A giant scorpion to hide in giant boots

img_1001Wow, long time no see! December just went by with lightning speed and January more or less the same way, but let’s see if the coming months will give a bit more time for blogging about miniatures. At least the weather is improving which means better light and thus better photos. I don’t have any fancy photo lamps and have to limit myself to natural sunlight which is a scarce thing here in Copenhagen at the moment.

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The big boy you see here is of course the citadel Giant Scorpion, released in 1987 I think. It’s a really big mini and certainly looks scary as hell. My wife even called it a disgusting piece, which should be considered as a credit to the sculptor who really succeeded in creating a menacing, spiky scorpio-beasty here.  I’m quite taken by the mini as a whole but to be honest, the face (snout?) part of the scorpion looks rather cartoony, which in a way runs counter to the vibe of the rest of the figure.

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Like it’s contemporary cousin, the giant spider, the scorpion as a pain to assemble. At least my butterfingers had a hard time getting all the legs in place, without their pose looking completely ludicrous. In the end I think a succeeded and I’m happy to say that I like the result a lot. I chose a sort of natural colour scheme for the scorpion which perhaps is a bit dull, but such dull things seem to appeal to my rather drab way of thinking.

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The scorpion is soon to star in a little Rogue Trader scenario at my house on March 6. A scenario entitled “Valley of the Scorpions” (I told you I was drab!).

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Cheers
Martin

 

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Problem solved!

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By the help of the good people on the Lead Adventures Forum my ‘mystery piece’ is no longer a mystery. As it turns out it indeed is a Grenadier model, produced in ’87, for the Dragon Lords series of boxed sets. This one is entitled Encounter at Kohmar-Lolth. A great name isn’t it? Very Robert E. Howardian. The piece was sculpted by Andrew Chernak.

Encounter at Kohmar-Lolth box

As I suspected two torches and even a crystal ball on a pedestal is missing from the throne. I’ll definitely have to try and make something similar once I get going at the model. As you can see from the picture below a lot of other stuff was also included in the original box, which apparently never made it into the collection I acquired last year.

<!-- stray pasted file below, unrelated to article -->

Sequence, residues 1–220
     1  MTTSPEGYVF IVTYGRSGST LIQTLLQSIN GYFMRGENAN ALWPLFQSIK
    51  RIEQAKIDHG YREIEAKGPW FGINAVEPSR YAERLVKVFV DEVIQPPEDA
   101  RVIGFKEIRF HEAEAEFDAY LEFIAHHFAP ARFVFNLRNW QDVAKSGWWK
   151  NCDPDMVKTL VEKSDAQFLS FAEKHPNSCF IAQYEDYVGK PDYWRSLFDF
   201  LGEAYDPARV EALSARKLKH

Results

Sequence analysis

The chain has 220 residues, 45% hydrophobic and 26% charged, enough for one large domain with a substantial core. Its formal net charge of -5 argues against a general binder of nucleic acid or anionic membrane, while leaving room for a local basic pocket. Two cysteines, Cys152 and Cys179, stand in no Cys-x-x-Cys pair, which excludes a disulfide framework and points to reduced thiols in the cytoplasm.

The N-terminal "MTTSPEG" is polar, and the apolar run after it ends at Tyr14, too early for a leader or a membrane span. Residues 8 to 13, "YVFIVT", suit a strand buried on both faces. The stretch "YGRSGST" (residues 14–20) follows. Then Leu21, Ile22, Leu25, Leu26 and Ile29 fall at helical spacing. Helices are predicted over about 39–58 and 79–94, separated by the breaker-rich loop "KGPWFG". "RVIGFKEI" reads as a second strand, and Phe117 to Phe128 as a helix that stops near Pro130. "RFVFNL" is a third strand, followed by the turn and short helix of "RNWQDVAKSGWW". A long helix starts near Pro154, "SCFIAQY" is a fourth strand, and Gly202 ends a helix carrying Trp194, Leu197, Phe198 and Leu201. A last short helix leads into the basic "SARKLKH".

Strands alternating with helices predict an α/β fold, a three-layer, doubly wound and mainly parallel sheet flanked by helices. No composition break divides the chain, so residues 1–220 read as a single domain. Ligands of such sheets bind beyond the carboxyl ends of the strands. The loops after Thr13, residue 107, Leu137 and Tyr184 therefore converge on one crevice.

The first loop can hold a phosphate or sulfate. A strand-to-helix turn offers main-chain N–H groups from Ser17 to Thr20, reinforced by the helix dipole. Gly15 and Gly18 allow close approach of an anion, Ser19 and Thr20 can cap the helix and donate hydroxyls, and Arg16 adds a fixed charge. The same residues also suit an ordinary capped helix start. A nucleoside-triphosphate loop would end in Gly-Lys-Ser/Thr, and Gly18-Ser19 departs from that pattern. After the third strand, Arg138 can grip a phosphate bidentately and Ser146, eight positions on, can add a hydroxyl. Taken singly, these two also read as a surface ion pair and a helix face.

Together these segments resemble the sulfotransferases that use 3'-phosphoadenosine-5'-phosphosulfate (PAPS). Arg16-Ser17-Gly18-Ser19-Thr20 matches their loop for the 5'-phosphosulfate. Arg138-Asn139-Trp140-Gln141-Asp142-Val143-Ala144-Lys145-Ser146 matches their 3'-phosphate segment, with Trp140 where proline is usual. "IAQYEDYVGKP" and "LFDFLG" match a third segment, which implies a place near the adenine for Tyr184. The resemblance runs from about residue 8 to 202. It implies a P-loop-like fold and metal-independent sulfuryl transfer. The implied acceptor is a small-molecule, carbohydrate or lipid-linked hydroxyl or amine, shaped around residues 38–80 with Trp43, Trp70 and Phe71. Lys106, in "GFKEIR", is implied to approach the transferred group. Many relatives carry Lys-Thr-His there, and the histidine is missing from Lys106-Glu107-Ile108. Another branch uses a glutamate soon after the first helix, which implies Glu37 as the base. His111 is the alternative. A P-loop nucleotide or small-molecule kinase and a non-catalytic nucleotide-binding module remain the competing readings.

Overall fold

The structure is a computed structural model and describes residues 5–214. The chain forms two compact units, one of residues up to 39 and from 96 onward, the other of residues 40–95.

Encounter at Kohmar-Lolth box backside

I’m actually looking very much forward to get started on this model now. Keep an ey ut for the lich king of Kohmar-Lolth on this blog!

The Boyz Are Back in Town

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Here you see my latest output – five more greenskins. Technically they’re all orcs as the little fellow you see among the classic Citadel orcs is an orc from Metal Magic. However in my collection he’ll be serving as some sort of elite goblin. Elite because he looks way more well-equipped and fierce than most 80’s-era Citadel goblins.

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I’m no huge Metal Magic fan but they did a lot of fine models, but I’m not sure their orcs are to be counted among them. Somehow their orcs lack personality or that certain quality which makes the miniature vibrant. At least that’s how I fell about their orcs. Nevertheless I have quite a few of these Metal Magic orcs and eventually, once painted, they’ll constitute a nice alternative to my Citadel greenskins.

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Most of the Citadel orcs were produced in that golden year of 1987. The only exception is the one in a brownish red/yellow tunic holding a bow and grabbing for his scimitar. He is one of the Orcs of the Red Eye-range released in ’85 (I think) for the Middle-Earth universe. Not that this makes him different from the other orcs in any way!

IMG_1601The shield you see in the middle, on the slightly blurry picture, was inspired by Eddie on the cover of the first Iron Maiden record. The guy on the shield ended up looking somewhat more like an undead Ziggy Stardust but being a major Bowie-fan this hardly matters.

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Iron Maiden 1980

Iron Maiden 1980

Ziggy Stardust

Ziggy Stardust

Ah, what geeky fun we have with our miniatures.

Cheers

Martin

Some orcs and their spiritual leader

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I finished basing these orcs some days ago. Somehow I always end up postponing the basing of the minis; starting new projects or fiddling around with other thing instead of completing what is right in front of me. I’m sure this may sound familiar to quite a lot of you. However, usually when I start working on the bases I find it quite fun. Thus I’m not sure why I try to avoid doing the bases in the first place.

This band of merry orcs were all produced by (of course) Citadel, in ’87 I believe, and they are absolutely classic minis. At least the two guys on the left as well as their shaman are perfectly loveable orcs. The last one with the bow is less eye-catching but he was fun to paint. The shaman on the other hand was a pain in the ass. He’s covered with small, fiddly details and while they may look great, they certainly took forever to paint. By the way, the white face on one of the shields looks surprisingly smudged on the photo. In real life it looks very different and much better. I guess the minis were over-lighted when I took the photo.

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As a little twist I gave the shaman a familiar. A giant ladybug! I’m quite fond of this little detail.  What do you think?

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